I will begin aging tests for the submissions labeled (B) starting Monday. After each aging cycle, I will post the results for each (B) submission, in the batch, to the Protocol B forum. After the 8 aging cycles are complete, all (B) aged samples in the batch, labeled with the submission number followed by (B) in the upper left corner will then be shipped to Roger via BPL Bozeman.

A new batch aging cycle will begin after the prior one ends. Additional batches will continue to be aged only until the point that Roger and I agree that enough data has been collected for any reasonable person to draw an informed conclusion; other commitments in our lives dictate that we suspend Protocol B testing; or some new protocol is required to resolve unanswered questions.

In parallel with the above heavy testing schedule, I will attempt to honor the requests for higher resolution micrographs and micrographs at more testing stages. I have begun to look at options to accomplish these requests. I will propose a new micrograph plan and provide sample results for review and discussion by the end of next week.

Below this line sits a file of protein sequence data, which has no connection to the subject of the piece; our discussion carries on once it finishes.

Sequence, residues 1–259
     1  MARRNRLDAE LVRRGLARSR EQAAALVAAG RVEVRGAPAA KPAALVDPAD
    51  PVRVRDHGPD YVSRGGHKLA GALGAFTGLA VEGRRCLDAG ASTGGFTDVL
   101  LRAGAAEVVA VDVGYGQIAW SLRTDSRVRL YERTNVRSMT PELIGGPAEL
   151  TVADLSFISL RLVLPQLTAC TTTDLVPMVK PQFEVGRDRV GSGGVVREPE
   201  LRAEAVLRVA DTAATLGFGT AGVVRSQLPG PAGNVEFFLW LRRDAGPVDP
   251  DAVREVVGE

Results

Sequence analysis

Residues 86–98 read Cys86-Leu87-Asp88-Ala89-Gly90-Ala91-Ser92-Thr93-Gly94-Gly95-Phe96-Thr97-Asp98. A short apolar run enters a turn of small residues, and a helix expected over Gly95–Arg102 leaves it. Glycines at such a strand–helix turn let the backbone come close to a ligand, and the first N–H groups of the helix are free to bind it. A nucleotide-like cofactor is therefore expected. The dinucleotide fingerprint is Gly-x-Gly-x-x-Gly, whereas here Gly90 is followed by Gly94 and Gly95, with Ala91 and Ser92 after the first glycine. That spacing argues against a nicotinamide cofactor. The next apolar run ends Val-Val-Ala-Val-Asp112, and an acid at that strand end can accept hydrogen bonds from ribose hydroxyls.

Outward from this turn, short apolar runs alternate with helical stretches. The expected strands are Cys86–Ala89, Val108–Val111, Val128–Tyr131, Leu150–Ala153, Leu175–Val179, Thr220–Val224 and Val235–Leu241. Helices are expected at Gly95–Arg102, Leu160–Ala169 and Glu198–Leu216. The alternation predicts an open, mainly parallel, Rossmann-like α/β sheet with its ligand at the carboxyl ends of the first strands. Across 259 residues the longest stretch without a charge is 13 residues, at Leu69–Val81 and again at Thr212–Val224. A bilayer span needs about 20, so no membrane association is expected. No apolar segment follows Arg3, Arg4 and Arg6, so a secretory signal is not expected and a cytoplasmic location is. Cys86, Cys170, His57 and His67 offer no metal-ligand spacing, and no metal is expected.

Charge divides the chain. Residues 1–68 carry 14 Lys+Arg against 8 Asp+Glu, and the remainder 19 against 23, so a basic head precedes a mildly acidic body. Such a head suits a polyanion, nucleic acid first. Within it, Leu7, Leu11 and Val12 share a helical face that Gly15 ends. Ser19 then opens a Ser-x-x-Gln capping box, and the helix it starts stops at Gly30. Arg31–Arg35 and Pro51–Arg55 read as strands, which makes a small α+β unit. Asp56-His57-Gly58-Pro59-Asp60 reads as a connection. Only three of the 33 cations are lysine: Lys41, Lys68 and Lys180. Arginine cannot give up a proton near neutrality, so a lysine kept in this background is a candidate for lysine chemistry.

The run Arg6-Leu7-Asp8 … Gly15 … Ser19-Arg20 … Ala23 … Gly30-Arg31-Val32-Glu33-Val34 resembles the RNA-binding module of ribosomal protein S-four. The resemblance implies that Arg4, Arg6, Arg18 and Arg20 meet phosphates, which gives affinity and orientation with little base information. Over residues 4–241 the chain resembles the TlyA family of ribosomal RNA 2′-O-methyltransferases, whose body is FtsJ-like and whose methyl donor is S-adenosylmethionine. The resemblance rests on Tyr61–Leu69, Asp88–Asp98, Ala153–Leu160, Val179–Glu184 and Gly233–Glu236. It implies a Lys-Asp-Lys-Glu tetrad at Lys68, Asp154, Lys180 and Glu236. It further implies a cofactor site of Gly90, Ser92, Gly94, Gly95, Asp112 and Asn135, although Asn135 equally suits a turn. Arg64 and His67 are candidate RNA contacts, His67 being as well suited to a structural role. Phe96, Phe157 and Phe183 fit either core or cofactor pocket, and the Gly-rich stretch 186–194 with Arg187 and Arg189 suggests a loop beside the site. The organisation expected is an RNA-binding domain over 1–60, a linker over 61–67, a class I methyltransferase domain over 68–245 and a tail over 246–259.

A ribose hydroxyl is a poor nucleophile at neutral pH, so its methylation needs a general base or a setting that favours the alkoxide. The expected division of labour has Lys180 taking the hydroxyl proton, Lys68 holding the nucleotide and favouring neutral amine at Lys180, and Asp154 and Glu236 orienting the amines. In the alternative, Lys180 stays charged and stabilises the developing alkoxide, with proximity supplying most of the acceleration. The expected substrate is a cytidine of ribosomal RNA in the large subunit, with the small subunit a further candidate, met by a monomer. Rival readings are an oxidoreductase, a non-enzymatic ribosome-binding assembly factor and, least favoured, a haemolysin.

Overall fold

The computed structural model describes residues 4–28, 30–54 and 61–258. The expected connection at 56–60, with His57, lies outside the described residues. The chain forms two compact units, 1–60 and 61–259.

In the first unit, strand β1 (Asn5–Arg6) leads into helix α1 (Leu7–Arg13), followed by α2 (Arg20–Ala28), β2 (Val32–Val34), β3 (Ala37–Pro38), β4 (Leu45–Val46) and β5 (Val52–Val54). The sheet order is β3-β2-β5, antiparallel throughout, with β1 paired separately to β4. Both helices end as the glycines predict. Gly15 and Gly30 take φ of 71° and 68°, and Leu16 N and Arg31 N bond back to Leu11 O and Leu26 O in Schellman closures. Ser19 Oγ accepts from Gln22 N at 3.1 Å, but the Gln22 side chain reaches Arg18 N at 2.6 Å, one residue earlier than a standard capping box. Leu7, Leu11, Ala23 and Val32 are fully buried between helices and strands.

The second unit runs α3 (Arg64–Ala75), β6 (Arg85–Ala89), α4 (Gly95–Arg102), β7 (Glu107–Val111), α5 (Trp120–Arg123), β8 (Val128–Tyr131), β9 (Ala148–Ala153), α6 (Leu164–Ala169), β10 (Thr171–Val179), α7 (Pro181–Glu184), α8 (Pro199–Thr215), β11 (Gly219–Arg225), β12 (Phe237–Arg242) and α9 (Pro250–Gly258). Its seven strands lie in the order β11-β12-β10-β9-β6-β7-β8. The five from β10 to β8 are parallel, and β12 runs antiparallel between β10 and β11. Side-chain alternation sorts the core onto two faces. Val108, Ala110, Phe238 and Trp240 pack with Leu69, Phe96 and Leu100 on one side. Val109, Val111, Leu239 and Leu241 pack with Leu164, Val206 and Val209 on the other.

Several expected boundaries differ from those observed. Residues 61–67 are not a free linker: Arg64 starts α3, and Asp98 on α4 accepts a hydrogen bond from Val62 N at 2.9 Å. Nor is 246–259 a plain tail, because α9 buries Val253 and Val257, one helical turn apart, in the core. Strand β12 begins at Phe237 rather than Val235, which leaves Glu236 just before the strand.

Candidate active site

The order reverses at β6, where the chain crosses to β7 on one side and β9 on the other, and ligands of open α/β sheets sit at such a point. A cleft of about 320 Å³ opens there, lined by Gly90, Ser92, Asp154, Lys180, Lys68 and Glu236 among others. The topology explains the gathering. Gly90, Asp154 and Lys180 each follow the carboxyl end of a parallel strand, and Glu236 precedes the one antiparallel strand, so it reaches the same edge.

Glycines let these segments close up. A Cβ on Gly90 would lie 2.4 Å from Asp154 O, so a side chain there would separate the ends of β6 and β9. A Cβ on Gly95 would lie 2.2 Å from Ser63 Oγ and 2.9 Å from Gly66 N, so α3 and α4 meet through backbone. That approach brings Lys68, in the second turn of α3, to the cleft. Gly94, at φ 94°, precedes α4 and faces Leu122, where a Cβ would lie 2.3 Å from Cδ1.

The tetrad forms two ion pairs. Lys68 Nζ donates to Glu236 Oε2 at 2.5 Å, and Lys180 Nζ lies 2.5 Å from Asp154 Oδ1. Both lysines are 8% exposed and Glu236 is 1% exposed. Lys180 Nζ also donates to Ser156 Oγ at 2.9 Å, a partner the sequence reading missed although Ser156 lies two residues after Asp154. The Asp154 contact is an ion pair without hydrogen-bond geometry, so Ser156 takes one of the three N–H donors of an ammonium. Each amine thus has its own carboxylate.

Richard Nisley
(richard295) - M

Locale: San Francisco Bay Area
Submission 20 on 04/01/2011 15:58:13 MDT Print View

c

Detailed Fabric Description:http://www.seattlefabrics.com/nylons.html#1.3 oz RS

Supplemental Information from Seattle Fabrics:
1.3 oz. silicone impregnated 30 denier, high tenacity, bright nylon ripstop with heat and light inhibitors. This amazing fabric has a tear strength of 15 pounds. Using this material is a great way to reduce weight.

Supplemental information from Richard Nisley:
According to ISO 811, materials with a hydrostatic head of more than 150 cm (1,500mm) can be designated, in general, as rainproof.